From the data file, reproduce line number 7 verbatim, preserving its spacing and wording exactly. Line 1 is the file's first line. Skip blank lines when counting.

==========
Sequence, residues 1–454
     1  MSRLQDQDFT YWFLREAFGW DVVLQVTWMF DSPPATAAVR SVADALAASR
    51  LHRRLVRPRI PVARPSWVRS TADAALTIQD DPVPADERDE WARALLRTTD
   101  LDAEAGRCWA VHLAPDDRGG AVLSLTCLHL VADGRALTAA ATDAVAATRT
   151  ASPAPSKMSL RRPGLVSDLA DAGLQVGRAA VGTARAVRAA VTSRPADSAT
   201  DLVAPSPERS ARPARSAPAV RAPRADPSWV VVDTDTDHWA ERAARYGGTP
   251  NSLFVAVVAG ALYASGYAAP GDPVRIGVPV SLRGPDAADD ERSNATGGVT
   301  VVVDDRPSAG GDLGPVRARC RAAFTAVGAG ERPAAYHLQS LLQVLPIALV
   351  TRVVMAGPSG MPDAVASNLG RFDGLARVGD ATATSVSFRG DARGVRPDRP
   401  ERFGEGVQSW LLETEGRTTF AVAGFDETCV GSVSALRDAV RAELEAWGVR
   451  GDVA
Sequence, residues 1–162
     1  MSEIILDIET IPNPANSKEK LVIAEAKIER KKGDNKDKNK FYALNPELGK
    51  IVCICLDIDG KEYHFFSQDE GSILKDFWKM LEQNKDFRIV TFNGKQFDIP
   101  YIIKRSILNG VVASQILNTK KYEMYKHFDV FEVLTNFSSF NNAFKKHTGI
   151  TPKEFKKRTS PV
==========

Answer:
   251  NSLFVAVVAG ALYASGYAAP GDPVRIGVPV SLRGPDAADD ERSNATGGVT